Harris County-area judge's efforts to offer hope, resources, amid growing number of evictions
HOUSTON - On any given day hundreds of people face eviction in Harris County and are stuck facing homelessness and trying to figure out what to do next.
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Once a week area, Houston-area judges hold an eviction docket, hearing cases of people behind on their rent, and most will be told they have to leave their homes.
Judge Wanda Adams may not be able to keep them from being evicted this time, but she’s offering resources with the hope that they will never be put in this position again.
"I'm 66 years old. I'm stressed out. My hair is falling out," cries Sandra who's disabled, on social security, and she's being evicted.
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Sandra sobbed as she went before the judge. Ironically, she was being comforted by the landlord who was evicting her, even as the judge held her face in her hands, choking back tears.
Sandra, like most tenants being evicted, has no idea what she’ll do now.
"I don’t know what to do. I’m confused. I don’t know what to do," Sandra said to Precinct 7, Place 1 Justice of the Peace Wanda Adams as Sandra started to cry. Judge Adams consoled her saying, "Don’t cry because..." and Judge Adams again placed her face in her hands.
"I’ve cried many times," explains Judge Adams. "I’ve had to leave the bench and stop court and go to the back and cry, especially with my seniors."
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"I’m scared. I’m really scared. I don’t know what I’m going to do," Sandra told me. "I might end up back on the streets, homeless again."
Because so many people are in this position Judge Adams now has, just outside her courtroom, resources for things like helping evicted tenants further their education, and find housing as well as jobs.
"Workforce Solutions is set up," Judge Adams explains. "We partner with Change Happens. They have a one-day fork lifting training course. If they go to that training, they get a job referral the next day. We’re partnering with the seafarer's union at the Port of Houston Authority where they go to school for six months to a year for an apprenticeship program."
"My ceiling in my bathroom is falling apart. It leaks in my kitchen," Sandra adds, bringing up another point: many renters end up evicted because they’re unaware they still have to pay rent even if their home needs serious attention and repairs.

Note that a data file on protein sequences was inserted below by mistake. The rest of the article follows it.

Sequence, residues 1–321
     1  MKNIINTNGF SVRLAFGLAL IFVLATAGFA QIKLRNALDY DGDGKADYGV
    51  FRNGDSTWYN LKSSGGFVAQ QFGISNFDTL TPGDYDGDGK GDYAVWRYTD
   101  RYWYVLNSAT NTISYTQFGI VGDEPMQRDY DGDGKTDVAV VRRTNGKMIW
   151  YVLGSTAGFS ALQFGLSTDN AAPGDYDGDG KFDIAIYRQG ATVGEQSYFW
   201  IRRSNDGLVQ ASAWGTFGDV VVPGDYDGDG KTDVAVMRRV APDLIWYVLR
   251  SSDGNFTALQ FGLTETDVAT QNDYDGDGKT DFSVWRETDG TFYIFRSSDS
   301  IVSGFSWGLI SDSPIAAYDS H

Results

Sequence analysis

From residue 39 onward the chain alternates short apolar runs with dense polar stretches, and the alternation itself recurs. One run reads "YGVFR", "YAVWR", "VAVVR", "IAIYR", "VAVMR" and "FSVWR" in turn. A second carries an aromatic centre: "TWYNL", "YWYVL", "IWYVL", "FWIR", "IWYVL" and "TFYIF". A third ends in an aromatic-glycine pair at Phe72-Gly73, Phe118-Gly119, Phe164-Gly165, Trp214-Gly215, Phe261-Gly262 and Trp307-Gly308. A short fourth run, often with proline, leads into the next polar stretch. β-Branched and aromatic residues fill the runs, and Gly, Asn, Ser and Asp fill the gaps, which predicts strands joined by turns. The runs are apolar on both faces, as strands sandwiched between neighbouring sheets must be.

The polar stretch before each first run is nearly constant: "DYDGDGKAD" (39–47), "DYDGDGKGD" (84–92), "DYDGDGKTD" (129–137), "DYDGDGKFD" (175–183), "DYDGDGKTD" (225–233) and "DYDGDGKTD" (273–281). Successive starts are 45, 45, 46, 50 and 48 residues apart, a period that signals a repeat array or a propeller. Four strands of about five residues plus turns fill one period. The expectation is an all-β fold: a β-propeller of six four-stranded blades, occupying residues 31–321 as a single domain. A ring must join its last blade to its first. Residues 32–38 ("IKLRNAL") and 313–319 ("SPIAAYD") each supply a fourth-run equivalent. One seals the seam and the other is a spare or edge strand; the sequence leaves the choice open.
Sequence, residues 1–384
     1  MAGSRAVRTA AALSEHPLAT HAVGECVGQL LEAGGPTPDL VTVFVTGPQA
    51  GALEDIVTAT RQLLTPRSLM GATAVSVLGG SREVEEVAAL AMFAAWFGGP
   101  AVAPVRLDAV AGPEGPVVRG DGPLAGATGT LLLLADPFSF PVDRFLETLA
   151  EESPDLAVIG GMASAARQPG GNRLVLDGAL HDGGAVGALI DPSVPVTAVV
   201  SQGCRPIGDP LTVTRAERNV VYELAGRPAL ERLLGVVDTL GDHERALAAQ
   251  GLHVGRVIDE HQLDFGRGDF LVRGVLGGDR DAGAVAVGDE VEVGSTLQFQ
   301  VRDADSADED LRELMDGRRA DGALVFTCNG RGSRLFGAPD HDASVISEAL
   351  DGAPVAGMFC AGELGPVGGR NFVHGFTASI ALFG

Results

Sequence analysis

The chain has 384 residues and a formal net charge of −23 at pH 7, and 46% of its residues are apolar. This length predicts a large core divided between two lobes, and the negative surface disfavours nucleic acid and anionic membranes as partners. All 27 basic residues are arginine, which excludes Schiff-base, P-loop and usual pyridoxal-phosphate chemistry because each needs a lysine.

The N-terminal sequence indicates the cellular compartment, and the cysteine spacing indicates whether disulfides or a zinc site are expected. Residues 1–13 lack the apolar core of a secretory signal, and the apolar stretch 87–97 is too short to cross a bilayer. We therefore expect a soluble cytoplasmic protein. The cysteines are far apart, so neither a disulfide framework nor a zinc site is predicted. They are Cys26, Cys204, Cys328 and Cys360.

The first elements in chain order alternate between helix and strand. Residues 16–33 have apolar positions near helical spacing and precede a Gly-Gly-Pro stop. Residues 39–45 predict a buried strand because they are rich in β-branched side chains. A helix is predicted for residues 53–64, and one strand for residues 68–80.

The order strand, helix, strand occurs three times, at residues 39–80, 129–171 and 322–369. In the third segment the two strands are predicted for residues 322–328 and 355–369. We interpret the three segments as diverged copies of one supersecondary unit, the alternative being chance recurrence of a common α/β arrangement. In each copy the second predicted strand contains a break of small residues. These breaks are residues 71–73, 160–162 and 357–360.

"We have pest problems, mice, cockroaches, sewage," explains Janishia who was in court facing eviction. "There’s mold, green and black."
"We've gone a whole year without a stove. Had to fix the tub. Going to other people’s houses to bathe with our small children and a sickly child," explains another renter who was facing eviction.
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For those needing legal advice, Judge Adams also has lawyers from the University of Houston onsite. They even represent tenants on the spot for free. Today one attorney kept a couple from being evicted.
"He helped a lot. He showed us things we didn’t even know. We're not being evicted now. We have one week to move out, but it isn't eviction, and it won't go on our credit," the woman explains.
"We want to make sure we give them real-time help, not just give them a sheet and say, ‘hey go call this number,' the help is right here," says Judge Adams.
She calls it the Beyond the Bench, Hope After Eviction Resource and Counseling Program, offering hope and potential options even for those who believe they have none.
"What will I do now? Just pray," says Sandra. "That’s all I can do is pray."
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Judge Adams says the number of evictions is already growing. She expects that number to climb even higher after the Rental Assistance program ends on July 1, 2023.